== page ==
Visitors to Pembroke Pines City Hall now must walk through a metal detector.
The device was installed at the building's entrance on Wednesday after several employees had expressed concern about their security, City Manager Charlie Dodge said.
The recent incident in Atlanta, where a defendant shot and killed three people in a courthouse, contributed to concerns about security in public buildings nationwide.
Dodge said he has no specific plan for how long the detector will remain. It's a portable device, which can easily be removed or installed in a different city building.
The city used the detector shortly after the Sept. 11, 2001, attacks along with other security upgrades. In recent years visitors to City Hall have been asked to show identification, tell a security officer where they are going in the building and wear a visitor's badge. The lobby is staffed by an city police officer or a private security guard.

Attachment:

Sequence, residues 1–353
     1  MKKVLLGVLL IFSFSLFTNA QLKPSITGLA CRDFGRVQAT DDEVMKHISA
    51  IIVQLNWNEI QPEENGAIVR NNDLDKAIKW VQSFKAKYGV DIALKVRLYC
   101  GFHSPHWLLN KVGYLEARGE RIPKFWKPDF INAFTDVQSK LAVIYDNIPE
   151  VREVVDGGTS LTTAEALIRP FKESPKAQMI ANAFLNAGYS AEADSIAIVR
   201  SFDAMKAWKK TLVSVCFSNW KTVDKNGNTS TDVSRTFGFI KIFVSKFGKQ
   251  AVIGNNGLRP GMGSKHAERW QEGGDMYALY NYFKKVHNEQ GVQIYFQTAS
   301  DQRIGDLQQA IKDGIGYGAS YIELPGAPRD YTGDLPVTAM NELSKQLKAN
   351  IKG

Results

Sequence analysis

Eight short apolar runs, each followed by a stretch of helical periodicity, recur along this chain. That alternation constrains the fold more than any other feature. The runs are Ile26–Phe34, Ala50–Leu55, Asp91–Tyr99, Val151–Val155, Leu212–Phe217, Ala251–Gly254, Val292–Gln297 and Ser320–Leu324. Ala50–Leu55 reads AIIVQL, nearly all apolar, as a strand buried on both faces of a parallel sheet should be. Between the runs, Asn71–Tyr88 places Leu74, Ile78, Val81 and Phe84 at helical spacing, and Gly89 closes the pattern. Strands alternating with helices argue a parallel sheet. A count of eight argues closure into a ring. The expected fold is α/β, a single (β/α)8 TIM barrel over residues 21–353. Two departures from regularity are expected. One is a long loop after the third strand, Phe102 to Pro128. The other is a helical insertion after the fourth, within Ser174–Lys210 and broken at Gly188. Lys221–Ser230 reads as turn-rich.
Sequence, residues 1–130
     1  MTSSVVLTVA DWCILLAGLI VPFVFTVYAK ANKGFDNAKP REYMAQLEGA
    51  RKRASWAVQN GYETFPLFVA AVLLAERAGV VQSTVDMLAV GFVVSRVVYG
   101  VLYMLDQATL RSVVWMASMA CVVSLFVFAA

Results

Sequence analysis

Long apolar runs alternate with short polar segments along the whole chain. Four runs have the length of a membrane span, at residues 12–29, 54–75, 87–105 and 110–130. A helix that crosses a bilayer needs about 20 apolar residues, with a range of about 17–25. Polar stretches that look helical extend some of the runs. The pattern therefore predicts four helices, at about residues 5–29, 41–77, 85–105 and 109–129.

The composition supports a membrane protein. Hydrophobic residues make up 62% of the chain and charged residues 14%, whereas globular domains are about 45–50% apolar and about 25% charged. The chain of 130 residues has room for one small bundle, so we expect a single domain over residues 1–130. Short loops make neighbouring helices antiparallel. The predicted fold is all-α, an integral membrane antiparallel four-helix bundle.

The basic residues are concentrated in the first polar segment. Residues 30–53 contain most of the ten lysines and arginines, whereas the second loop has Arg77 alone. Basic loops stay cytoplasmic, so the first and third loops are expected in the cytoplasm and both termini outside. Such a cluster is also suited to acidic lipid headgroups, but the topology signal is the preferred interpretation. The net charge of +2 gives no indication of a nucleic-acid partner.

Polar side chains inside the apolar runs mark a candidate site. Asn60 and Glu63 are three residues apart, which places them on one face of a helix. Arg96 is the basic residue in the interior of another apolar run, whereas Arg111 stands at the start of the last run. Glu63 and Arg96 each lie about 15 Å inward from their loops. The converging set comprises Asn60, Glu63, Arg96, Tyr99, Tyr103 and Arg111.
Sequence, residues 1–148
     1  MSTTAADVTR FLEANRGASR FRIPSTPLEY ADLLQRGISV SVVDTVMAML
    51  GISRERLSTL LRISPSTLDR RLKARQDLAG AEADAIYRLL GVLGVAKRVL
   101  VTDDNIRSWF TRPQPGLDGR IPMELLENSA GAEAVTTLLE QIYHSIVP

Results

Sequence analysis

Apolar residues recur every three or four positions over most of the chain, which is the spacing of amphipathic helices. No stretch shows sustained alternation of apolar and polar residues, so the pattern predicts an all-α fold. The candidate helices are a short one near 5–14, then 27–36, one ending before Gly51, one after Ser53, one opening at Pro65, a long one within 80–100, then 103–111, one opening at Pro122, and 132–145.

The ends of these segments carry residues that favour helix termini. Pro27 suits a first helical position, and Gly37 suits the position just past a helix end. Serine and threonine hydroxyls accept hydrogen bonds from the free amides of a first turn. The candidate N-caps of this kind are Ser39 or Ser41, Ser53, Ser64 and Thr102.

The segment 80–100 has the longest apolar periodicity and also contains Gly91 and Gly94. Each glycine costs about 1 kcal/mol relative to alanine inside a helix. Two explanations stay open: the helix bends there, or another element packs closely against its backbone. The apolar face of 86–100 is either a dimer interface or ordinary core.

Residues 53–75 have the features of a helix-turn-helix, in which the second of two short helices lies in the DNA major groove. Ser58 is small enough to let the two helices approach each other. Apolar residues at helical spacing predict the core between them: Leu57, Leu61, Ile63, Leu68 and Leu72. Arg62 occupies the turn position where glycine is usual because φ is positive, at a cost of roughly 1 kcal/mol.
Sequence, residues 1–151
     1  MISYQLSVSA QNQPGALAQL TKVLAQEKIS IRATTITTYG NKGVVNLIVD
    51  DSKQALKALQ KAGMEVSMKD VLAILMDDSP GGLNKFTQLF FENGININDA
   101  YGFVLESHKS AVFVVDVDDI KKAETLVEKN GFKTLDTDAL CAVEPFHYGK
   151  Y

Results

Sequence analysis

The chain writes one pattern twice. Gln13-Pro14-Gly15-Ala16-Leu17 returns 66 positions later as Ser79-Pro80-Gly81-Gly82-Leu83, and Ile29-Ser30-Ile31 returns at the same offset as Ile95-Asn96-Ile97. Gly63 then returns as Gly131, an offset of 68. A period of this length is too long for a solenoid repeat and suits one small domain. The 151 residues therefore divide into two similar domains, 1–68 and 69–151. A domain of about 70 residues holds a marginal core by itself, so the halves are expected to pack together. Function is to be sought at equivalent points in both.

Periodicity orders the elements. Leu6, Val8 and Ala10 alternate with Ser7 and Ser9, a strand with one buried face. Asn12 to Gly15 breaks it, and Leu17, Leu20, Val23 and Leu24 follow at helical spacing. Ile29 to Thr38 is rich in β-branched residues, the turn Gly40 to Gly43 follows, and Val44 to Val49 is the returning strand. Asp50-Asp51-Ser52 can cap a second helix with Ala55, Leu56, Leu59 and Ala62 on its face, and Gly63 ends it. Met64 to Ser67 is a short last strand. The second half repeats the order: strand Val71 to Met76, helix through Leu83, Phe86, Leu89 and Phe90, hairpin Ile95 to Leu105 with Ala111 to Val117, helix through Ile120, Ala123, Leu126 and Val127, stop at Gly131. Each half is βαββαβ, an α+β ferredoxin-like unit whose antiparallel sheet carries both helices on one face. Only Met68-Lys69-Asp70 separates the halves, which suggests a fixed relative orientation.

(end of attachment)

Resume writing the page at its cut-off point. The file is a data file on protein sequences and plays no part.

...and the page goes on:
Dodge said the metal detector will not increase costs. The city has hand-held security wands that can be used if the metal detector goes off.
Having a metal detector in a city hall is unusual in Broward, but visitors at the City Commission meeting took it in stride Wednesday.
''It's not what I can carry in here that makes me dangerous,'' joked Julian Arencibia when he walked through the detector. Arencibia has become angry at some meetings while trying to persuade commissioners to change zoning rules to allow him to keep his pet goats.
''It's my mouth that makes me dangerous.''